Characterizing the topography of membrane receptors and signaling molecules from spatial patterns obtained using nanometer-scale electron-dense probes and electron microscopy.
Additional Document Info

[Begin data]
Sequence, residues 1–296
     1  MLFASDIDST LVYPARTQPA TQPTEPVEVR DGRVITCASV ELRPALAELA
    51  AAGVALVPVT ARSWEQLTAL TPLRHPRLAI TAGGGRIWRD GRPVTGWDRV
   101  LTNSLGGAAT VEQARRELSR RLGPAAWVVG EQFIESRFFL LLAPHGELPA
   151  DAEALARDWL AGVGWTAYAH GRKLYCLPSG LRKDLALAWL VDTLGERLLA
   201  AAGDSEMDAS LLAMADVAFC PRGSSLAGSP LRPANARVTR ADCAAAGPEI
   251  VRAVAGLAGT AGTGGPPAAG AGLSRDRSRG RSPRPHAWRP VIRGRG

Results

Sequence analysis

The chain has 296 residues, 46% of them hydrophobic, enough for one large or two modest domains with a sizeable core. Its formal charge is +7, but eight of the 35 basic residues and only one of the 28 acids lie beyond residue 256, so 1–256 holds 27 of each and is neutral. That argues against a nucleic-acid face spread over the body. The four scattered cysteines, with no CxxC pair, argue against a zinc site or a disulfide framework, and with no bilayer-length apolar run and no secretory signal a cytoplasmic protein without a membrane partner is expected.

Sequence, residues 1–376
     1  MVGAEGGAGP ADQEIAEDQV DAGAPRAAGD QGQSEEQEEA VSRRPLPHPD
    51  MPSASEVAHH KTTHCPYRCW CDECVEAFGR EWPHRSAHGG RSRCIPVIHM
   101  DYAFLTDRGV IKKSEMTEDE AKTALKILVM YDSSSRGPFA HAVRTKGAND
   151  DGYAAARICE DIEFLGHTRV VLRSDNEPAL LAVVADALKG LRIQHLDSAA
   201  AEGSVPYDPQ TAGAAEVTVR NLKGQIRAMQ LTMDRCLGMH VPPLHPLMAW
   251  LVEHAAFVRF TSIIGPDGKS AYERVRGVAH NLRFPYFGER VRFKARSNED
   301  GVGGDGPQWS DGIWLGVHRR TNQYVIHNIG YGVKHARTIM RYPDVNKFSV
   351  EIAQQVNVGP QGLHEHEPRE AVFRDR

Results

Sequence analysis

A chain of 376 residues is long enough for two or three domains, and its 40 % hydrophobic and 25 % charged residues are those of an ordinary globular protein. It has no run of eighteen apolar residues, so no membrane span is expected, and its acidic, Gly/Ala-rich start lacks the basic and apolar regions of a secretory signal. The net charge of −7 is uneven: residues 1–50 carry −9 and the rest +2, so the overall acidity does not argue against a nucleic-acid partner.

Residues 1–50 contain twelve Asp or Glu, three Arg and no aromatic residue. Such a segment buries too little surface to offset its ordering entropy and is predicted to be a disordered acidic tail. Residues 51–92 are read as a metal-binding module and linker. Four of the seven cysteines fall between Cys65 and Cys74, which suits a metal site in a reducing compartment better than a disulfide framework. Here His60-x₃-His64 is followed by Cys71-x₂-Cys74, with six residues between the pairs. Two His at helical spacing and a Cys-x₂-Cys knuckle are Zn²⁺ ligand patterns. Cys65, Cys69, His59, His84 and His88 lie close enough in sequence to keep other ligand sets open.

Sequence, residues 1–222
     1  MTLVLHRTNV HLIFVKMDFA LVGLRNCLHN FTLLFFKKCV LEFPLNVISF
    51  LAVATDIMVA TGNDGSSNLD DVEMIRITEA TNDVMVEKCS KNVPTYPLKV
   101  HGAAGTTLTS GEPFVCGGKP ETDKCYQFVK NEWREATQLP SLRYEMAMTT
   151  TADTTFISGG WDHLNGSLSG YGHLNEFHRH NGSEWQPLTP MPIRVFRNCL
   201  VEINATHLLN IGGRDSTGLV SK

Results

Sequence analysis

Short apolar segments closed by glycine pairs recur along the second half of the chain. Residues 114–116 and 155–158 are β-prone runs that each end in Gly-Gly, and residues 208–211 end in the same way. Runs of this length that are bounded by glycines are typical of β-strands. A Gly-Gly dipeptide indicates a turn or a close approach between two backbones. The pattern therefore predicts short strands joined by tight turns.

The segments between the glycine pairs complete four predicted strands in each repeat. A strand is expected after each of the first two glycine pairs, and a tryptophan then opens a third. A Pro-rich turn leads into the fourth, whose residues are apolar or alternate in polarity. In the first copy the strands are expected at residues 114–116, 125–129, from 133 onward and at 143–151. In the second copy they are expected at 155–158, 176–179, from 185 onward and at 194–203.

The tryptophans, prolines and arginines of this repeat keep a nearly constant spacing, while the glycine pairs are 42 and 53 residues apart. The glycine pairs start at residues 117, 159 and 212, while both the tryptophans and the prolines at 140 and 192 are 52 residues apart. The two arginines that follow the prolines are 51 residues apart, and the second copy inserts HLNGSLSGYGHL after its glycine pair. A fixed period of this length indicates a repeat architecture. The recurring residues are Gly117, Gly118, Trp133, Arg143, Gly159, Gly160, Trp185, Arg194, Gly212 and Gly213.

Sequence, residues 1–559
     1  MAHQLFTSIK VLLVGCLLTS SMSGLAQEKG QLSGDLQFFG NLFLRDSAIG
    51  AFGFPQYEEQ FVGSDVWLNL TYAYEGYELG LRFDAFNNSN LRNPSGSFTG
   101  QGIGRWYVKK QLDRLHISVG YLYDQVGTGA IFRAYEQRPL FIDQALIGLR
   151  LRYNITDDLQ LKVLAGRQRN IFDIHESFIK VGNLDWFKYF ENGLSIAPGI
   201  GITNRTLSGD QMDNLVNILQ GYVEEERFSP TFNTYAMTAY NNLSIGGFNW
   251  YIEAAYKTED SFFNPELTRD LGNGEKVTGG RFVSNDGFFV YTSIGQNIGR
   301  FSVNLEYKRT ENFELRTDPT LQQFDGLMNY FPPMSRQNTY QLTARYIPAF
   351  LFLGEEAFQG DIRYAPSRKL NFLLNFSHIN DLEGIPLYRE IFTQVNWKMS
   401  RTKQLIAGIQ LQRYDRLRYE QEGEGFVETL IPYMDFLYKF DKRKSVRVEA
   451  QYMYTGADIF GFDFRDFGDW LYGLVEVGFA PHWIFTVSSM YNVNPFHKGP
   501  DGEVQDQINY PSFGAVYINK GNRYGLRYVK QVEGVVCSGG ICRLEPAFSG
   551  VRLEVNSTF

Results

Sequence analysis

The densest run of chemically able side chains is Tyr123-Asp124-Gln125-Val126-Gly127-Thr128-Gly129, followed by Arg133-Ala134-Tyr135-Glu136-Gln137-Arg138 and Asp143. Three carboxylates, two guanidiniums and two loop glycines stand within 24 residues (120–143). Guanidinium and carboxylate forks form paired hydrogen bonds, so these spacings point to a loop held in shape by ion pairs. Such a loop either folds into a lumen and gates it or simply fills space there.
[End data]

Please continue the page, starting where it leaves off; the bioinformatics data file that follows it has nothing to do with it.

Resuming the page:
The flow of information through a cell requires the constant remodeling of cell signaling networks. Thus, spatially and temporally resolved microscopy of signaling components is needed to understand the behavior of normal cells as well as to uncover abnormal behavior leading to human disease. Nanoprobe labeling and transmission electron microscopy of cytoplasmic face-up sheets of cell membrane have been developed as a high-resolution approach to map the interactions of proteins and lipid during cell signaling. Membrane sheets are labeled with 3-15 nm electron-dense probes for receptors, signaling proteins and lipids and micrographs record the distributions of the probes relative to each other and to surface features. Here, we establish computational methods to extract spatial coordinates of probes from micrographs, to analyze and statistically validate the clustering and co-clustering of these probes and to integrate results between experiments in order to establish the relative spatial distributions of single and multiple probes. Our analyses, and the resulting programs for automating data collection and for carrying out statistical and clustering analyses provide toolboxes specialized for the spatiotemporal analysis and modeling of signal transduction pathways.